Filtering and blocking software can enable parents to limit children's access to only websites, chat rooms, and newsgroups rated appropriate for minors. Some of it can prevent children from revealing personal information online, such as their name and address. But filtering software cannot block out all dangers in cyberspace and may restrict access to appropriate sites. Moreover, filtering software hasn't caught on with many families, and CCRC says more needs to be known about it before it can be recommended.

NCMEC warns that technological tools are "not a panacea." The best way for parents to protect kids online, it advises, "is to stay in touch with what [kids] are doing." For the uninitiated, that may mean asking kids to show you what they are doing online and to teach you how to use the Internet.

With adolescents, Lanning says, what is needed mainly is plain good parenting. The father of two himself, he says parents need to talk to kids about the benefits and snares of the Internet, much as they spend time talking about driving with a teenager who's about to get his license. It also means doing what may be the hardest thing-talking to kids about sex.

The Limits of Law Enforcement

Law enforcement is playing catch-up against those who commit crimes against young people, brokered by the Internet. Ordinary detectives are unequipped for these investigations, in which suspects have to be "played" online and tracked through cyberspace, computer files must be painstakingly examined, and arrests are often elaborately prepared stings.

When the suspect lives out of state, the investigations can take more time and resources than homicides. Harris says pursuing a suspect in Oregon took 3 months, 152 e-mails, and 9 phone calls lasting at least 45 minutes each. He was impersonating a child, a common technique in such cases.

To deal with both online sexual enticement and child pornography, the federal government in 1998 began funding regional law enforcement task forces. The Internet knows no boundaries, but with the help of the FBI and other federal agencies, these task forces help deal with jurisdictional problems when the suspect is in one state or country and the victim is in another. They also educate the public about online dangers and teach other officers about this work.

These Internet Crimes Against Children Task Forces have introduced nearly 15,000 officers and prosecutors to a basic understanding of these crimes; NCMEC has initiated 3,000 more. All of these law enforcement officials, however, need much more training before they are prepared to conduct investigations and prosecutions.

Nationwide, only an estimated few hundred officers are able to conduct such investigations, and few of them pursue these cases full time. Moreover, says the Justice Department's Medaris, law enforcement lags behind offenders in Internet savvy. Says Harris, "There's not going to be enough Internet policing for years to come."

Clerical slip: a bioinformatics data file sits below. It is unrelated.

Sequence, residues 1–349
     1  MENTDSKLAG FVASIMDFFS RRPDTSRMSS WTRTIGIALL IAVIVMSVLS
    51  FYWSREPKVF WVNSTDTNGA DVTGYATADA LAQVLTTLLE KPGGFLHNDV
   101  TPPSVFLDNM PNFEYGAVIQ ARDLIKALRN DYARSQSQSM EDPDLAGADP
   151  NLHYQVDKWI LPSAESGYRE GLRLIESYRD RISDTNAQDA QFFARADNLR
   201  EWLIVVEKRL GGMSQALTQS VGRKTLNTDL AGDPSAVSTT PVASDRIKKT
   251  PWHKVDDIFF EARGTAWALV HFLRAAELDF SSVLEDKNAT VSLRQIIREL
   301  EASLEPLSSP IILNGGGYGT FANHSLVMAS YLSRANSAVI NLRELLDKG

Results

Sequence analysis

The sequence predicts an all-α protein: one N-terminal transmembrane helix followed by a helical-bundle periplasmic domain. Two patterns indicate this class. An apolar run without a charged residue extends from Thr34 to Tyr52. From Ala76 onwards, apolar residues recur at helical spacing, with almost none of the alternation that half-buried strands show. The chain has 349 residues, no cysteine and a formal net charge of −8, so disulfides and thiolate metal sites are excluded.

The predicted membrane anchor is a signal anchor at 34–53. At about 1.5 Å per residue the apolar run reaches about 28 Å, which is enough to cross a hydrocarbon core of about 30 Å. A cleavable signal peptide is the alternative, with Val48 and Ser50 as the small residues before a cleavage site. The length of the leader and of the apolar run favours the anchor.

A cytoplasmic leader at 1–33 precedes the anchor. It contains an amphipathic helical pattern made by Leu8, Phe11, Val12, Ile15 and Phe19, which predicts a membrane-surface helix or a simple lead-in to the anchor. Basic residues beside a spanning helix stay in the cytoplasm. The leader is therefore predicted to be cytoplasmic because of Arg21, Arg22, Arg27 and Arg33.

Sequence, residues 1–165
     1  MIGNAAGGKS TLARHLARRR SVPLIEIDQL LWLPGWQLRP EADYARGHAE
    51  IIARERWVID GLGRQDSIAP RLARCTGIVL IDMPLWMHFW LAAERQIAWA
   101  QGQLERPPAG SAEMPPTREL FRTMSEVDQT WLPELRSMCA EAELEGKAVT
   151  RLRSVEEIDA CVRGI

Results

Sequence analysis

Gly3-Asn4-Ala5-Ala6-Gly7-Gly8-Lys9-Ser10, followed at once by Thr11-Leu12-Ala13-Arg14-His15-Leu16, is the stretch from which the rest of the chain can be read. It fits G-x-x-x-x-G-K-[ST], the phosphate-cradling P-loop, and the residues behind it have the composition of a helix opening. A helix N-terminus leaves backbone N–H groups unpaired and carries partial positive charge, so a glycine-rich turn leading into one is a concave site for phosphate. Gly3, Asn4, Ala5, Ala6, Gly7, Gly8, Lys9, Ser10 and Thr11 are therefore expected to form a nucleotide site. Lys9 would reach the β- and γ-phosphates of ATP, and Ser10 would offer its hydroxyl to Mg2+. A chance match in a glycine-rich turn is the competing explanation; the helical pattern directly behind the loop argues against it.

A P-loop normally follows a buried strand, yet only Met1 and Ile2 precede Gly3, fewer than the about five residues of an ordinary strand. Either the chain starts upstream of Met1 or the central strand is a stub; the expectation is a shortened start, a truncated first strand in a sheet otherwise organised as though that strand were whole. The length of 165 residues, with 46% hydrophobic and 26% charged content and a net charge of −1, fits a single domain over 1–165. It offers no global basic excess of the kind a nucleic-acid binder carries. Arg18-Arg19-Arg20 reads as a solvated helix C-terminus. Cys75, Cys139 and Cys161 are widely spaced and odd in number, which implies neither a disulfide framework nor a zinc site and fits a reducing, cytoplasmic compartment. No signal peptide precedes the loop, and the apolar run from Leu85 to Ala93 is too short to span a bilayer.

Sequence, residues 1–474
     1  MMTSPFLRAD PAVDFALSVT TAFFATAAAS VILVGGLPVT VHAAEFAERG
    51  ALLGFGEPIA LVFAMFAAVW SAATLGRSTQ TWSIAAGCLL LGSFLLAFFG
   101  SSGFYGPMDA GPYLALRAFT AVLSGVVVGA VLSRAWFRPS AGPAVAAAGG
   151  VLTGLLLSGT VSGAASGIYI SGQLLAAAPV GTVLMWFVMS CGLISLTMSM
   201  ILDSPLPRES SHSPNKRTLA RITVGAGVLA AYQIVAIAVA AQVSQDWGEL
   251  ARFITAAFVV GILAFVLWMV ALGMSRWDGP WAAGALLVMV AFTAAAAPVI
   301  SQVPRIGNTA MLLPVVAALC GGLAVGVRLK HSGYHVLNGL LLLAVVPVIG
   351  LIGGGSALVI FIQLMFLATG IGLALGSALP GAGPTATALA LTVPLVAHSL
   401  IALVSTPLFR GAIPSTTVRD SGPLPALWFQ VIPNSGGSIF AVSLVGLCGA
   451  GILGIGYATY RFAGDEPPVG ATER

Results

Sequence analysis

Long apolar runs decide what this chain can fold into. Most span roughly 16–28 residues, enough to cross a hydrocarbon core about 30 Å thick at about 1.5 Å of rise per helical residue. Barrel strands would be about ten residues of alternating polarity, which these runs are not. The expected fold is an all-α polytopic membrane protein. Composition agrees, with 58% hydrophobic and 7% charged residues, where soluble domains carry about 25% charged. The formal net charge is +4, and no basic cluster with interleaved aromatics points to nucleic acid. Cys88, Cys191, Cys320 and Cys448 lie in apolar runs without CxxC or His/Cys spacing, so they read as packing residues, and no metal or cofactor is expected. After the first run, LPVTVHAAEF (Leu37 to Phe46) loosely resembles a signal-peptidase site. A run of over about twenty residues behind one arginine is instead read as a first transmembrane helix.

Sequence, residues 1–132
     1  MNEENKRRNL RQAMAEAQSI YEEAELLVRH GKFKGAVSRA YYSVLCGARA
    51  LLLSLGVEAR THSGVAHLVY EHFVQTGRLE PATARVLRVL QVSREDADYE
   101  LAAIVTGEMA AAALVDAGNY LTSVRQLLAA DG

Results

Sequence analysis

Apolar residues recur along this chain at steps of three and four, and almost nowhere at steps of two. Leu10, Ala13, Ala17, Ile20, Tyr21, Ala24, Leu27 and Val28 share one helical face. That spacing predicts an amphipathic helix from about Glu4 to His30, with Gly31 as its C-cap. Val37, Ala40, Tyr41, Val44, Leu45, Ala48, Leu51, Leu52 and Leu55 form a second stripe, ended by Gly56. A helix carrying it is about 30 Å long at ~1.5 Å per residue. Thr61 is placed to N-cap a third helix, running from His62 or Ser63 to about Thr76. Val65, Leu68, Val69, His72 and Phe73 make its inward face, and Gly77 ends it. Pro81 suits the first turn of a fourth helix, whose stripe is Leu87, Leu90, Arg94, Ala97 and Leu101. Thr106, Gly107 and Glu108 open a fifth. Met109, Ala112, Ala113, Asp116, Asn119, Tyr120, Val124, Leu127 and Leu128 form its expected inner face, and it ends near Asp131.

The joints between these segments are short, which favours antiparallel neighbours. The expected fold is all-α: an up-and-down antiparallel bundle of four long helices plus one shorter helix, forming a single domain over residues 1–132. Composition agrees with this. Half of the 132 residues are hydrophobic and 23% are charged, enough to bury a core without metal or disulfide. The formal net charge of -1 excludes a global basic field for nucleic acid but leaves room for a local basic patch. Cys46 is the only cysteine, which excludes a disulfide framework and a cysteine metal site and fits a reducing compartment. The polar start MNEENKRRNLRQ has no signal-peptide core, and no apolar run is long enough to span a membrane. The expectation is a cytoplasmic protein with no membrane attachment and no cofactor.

Peter Slavin is a freelance author in the Washington, DC, area.

* All starred information in this article comes from David Finkelhor, Kimberley J. Mitchell, and Janis Wolak. (2000). Online Victimization: A Report on the Nation's Youth. Washington, DC: National Center for Missing & Exploited Children. Available online at www.unh.edu/ccrc/Youth_Internet_info_page.html.

Tips for Parents and Children

  • Get to know the Internet and any services your child uses. Go online together.

  • Set reasonable rules and guidelines for computer use and monitor them, especially the amount of time spent online.

  • Never disclose personal information (age, address, school name, telephone number), screen names, or passwords in public messages, chat rooms or bulletin boards. In e-mails, do so only if both parent and child know and trust the recipient.

  • Keep revealing information out of any online profile. Keep date of birth out of screen names.

  • Never allow a child to arrange a face-to-face meeting with another computer user without parental permission. If you agree to a meeting, make sure it is in a public place, and accompany your child.

  • Learn with whom your children are communicating. Get to know their online friends just as you would their other friends.

  • Children do not have to respond to messages. Never respond to messages or postings that are suggestive, obscene, belligerent, or threatening.

  • Don't click on any links in e-mail from people you don't know.

  • Check out blocking and filtering software, as well as software and website ratings.

  • Report pornography, sexual solicitations, or other suspicious activity on the Internet to the police, your Internet service provider, or the CyberTipline at www.cybertipline.com or 1-800-THE-LOST (800/843-5678).
Sources: National Center for Missing & Exploited Children and police investigators Andy Russell and Mike Harris